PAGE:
The man, whose cartoon in Shiv Sena's mouthpiece Saamana has stirred a huge controversy, has apologised for offending and hurting the sentiments of Marathas.
"I'm an artist not a political caricaturist," said Sriniwas Prabhudesai, who has clarified his stand in a column in Saamana as well.
He also said that the cartoon is being blown out of proportion and that he did not intend to offend or hurt the Marathas
A cartoon published in the Saamana on Sunday mocking the ongoing statewide stir by Marathas for reservation flared up the sentiments of the powerful community which forms as much as a third of the state's population.
Playing with words, the cartoon has twisted the word "mook morcha "(silent rally) to "Mooka Morcha" (kiss rally).
Showing a couple kissing amidst a rally, the cartoon suggests that some people have deciphered a different meaning of the rally. However, the intended pun didn't go down well with the protesters as well as other political parties.
The cartoon has caused anger amongst the Maratha community who have launched a large movement demanding affirmative action policies.
The cartoon has also reportedly upset a section of Sena leaders who are Marathas and had threatened to resign but have been persuaded not to by the party's top bosses.
A group of people belonging to the Sambhaji Brigade pelted stones at the Saamana printing press in Navi Mumbai while some other persons threw ink outside the Thane office of the Shiv Sena mouthpiece on Tuesday, an official said here.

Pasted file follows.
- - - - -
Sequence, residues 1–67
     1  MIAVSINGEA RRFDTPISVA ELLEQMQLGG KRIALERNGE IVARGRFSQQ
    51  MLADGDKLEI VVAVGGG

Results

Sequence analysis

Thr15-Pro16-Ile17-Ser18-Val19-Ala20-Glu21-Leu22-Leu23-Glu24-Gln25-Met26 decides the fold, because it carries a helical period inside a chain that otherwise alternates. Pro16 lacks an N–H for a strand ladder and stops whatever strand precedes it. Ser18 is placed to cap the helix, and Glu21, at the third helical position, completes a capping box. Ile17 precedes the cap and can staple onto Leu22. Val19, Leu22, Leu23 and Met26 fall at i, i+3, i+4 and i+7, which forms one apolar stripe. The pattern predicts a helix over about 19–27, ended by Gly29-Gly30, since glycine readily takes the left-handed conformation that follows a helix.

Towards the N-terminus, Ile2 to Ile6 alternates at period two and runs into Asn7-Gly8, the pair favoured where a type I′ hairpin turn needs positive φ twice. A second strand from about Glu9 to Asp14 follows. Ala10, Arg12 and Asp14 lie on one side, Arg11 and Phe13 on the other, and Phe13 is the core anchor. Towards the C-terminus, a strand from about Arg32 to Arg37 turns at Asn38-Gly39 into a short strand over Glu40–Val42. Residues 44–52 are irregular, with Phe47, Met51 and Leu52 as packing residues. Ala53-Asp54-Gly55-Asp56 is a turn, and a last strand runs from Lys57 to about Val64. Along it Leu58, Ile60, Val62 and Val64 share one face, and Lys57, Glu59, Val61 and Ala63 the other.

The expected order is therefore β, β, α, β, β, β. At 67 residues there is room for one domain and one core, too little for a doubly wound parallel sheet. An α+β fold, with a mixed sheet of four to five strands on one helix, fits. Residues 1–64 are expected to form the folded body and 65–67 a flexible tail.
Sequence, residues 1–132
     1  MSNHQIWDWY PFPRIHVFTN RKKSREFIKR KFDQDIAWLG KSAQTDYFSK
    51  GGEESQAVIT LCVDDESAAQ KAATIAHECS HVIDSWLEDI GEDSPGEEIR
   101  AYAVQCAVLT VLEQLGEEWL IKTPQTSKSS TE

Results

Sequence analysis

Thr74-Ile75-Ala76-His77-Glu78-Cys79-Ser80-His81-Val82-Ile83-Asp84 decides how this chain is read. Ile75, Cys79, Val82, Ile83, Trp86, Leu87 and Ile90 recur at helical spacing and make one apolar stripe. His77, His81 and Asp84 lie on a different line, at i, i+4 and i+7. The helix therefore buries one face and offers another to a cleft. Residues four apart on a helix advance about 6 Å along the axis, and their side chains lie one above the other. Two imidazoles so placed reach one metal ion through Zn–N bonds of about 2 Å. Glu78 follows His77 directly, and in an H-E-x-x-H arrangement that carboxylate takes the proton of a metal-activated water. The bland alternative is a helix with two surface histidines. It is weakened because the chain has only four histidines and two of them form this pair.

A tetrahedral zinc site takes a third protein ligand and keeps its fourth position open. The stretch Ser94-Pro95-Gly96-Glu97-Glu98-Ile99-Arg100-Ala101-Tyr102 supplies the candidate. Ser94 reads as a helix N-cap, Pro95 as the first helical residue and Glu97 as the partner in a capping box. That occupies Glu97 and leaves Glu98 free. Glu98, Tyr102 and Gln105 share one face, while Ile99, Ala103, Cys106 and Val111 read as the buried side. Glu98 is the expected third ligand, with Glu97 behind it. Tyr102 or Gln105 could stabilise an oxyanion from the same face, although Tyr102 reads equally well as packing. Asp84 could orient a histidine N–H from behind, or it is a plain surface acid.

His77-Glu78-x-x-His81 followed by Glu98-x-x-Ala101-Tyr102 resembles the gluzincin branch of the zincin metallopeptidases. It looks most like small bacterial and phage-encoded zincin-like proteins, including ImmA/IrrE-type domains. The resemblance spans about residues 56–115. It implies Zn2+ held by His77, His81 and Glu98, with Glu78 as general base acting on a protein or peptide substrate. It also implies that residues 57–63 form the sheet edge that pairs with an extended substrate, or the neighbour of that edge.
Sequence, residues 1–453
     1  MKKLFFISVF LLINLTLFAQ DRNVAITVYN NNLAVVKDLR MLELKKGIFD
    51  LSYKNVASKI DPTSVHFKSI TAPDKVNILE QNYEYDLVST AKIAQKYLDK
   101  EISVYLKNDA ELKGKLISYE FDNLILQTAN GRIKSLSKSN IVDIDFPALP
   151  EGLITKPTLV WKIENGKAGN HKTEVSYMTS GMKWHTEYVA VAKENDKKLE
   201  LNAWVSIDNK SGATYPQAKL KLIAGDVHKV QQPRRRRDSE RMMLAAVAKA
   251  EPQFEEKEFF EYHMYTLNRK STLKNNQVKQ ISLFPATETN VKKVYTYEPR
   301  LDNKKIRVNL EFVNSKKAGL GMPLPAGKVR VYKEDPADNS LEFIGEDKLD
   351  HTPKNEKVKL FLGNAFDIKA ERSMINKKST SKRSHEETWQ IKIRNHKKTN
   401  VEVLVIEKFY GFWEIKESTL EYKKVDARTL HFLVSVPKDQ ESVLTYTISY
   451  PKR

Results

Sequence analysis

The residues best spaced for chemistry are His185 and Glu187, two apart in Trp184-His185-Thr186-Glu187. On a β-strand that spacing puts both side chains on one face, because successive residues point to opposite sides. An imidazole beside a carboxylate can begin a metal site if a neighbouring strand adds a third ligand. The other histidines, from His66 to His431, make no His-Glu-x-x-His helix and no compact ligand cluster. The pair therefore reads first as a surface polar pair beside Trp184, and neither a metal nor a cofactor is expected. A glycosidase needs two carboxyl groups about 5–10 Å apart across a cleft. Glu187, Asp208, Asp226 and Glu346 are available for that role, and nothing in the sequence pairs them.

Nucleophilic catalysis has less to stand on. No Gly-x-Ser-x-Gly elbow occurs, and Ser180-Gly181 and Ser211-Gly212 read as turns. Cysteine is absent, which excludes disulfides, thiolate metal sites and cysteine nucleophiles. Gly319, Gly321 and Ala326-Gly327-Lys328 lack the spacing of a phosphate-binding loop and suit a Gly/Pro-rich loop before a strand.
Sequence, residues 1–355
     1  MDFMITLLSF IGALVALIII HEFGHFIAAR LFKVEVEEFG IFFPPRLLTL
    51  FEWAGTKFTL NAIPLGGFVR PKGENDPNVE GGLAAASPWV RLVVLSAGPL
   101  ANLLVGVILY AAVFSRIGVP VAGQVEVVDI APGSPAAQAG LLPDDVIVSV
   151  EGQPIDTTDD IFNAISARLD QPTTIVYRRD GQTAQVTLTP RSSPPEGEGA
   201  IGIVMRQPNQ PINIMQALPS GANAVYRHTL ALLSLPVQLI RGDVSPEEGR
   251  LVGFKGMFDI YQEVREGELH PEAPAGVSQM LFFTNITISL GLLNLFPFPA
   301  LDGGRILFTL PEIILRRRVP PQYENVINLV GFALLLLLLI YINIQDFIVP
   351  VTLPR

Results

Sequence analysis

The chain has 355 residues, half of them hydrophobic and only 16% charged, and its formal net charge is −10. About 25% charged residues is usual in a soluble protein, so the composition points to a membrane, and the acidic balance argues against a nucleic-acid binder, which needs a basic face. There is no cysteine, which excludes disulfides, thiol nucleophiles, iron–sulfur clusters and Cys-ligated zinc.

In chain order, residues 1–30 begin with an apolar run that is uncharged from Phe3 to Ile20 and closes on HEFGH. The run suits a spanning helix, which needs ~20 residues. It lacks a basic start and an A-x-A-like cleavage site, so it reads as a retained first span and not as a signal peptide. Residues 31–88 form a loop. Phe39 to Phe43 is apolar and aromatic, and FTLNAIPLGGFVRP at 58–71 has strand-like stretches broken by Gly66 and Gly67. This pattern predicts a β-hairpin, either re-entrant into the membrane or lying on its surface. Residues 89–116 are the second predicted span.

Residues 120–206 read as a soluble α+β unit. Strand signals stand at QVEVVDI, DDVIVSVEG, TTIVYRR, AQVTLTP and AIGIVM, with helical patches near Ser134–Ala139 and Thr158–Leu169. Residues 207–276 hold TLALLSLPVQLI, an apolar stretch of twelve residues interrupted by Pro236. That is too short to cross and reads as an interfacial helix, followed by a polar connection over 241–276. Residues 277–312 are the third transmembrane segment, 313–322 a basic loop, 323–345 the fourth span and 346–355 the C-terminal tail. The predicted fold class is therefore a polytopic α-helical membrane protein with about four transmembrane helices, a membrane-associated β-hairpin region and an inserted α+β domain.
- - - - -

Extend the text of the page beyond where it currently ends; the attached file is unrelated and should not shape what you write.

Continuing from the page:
Navi Mumbai Police Commissioner Hemant Nagrale said some persons attacked the Marathi publication's offices in Saanpada suburb with stgones, shattering two or three glass windows on the outer wall.
"Investigations will be conducted and appropriate action taken against the accused," Nagrale told media persons.
In adjoining Thane town, some persons threw ink outside the office of Saamana, the mouthpiece of the Shiv Sena, a BJP ally in both the central and Maharashtra governments.
A letter thrown by suspected attackers in Saanpada, purportedly on a letterhead of the Sambhaji Brigade, Mumbai office, claimed responsibility for the attack, though an official confirmation is awaited.
The Maratha community has taken strong objection to what it alleged were snide comments made in the Saamana cartoon.
In the past fortnight, nearly a score of huge, peaceful marches by the Maratha community, with at least one in Pune attracting over a million participants, have stirred the political cauldron over reservation in Maharashtra.
The police have beefed up security at the head offices of Saamana and its sister publication and Hindi daily Dopahar ka Saamana in Dadar and other branch offices in the state following the attacks.